In his defence Tshekedi Khama said that one of the reasons that he was reluctant to have a board of directors at BTO is that organisations with boards are not performing well. “Look at BCL, BMC, BPC and BDC and those parastatals are performing badly yet they have well-functioning board of directors which have failed dismally. I don’t want a board that is recycled,” hit out Tshekedi Khama as the chairman of PCSB Samson Moyo Guma nod his head. Minister Khama, who seemed to have taken control of the hearing, informed the PCSB that he is very particular about performance and the board that he wants has to be exceptional. “I was told have powers,” he said. Put to him that he has been taking decisions that were supposed to be done by the board and that is illegal, the minister turned the blame to Dithebe, saying he was doing all these on the advice of the CEO.“I have always been told that that I have the full authority in the absence of the board but if was misled I take full responsibility,” he said.


Shifts the blame on the multimillion deals to BTO
Recently BTO was instructed to release P1.3 million for the publication of 10 souvenir books for the independence celebrations. Permanent Secretary Magosi was not aware of the printing of the 10 books and instructions given to BTO to release P1.3 million. The letter for the instructions bear the signature of Tshekedi Khama but he denied instructing BTO to pay for the books though admitting the idea of books was his. “It was clear instruction from minister’s office, but not mine,” said Magosi, avoiding looking straight at Minister Khama, who shook his head. Minister Khama also drew P88 million from the Tourism Development Fund without the approval of cabinet, even side-lining his PS.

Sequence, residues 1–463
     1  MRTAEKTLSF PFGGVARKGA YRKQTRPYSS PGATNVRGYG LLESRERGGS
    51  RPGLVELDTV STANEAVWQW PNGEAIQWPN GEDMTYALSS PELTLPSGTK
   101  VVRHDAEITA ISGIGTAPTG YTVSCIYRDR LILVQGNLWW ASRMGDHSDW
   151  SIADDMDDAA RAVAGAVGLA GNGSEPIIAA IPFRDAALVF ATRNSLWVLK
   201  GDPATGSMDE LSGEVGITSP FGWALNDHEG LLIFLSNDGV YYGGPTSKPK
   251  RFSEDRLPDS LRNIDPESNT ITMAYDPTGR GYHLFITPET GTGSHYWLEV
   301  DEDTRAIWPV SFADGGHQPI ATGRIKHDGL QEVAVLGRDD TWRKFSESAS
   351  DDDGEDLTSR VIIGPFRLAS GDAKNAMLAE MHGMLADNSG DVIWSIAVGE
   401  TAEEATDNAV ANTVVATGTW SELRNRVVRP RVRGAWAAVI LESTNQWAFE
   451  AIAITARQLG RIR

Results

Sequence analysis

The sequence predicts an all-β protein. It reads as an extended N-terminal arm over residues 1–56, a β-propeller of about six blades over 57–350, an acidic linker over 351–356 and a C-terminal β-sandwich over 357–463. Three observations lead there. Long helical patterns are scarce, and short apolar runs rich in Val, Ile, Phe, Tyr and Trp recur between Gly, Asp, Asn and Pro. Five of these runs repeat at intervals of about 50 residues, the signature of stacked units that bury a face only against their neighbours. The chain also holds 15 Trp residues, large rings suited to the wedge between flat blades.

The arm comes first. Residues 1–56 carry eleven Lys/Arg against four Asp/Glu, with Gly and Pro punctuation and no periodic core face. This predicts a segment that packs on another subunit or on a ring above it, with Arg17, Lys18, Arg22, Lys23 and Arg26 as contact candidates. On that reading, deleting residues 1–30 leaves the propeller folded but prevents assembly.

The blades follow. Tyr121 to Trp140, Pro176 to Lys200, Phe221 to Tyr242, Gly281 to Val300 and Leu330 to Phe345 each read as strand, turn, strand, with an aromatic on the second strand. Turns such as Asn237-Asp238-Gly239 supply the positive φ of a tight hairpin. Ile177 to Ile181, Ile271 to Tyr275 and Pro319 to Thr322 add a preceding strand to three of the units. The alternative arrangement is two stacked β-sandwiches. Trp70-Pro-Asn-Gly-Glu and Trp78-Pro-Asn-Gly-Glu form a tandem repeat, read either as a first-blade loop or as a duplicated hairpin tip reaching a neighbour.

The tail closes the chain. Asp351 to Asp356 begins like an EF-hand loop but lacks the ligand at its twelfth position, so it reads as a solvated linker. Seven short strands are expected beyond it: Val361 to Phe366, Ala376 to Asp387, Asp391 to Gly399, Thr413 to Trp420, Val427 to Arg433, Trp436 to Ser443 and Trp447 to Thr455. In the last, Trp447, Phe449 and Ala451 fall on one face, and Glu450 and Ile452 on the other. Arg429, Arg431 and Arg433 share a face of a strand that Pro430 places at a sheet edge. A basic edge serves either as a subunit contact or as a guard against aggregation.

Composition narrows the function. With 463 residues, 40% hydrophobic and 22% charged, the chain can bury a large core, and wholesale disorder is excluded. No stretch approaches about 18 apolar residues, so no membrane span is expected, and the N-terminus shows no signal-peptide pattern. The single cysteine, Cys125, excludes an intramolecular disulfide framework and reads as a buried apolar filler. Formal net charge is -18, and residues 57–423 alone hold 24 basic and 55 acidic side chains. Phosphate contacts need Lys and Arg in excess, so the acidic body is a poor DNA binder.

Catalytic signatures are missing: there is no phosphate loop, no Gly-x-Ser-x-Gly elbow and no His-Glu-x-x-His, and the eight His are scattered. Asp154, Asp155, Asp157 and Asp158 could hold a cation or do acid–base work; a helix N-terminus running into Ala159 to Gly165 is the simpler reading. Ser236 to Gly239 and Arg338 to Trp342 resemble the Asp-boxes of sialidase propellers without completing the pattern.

Guma asked him why he is side-lining cabinet and his PS when taking some of the big decision like drawing P88 million from Tourism Fund, the outspoken Tshekedi Khama said that they don’t want to change. “People don’t want to change. I can’t work with people who believe in red tapes and fail to adapt to the new development,” he hit out in a clear reference to his PS. The P88 million was used to fund some of the tourism activities including Race for Rhino, Makgadikgadi Epic, World Strongest Man event and the upcoming Gaborone Air show which will gobble P7 million. The infamous P17 million Dubai deal. On the 26th of July this year the minister wrote a letter to BTO CEO Dithebe instructing him to open an office in Dubai. Dithebe in his earlier submission said that they were still looking at other markets and the letter came when he was in Germany.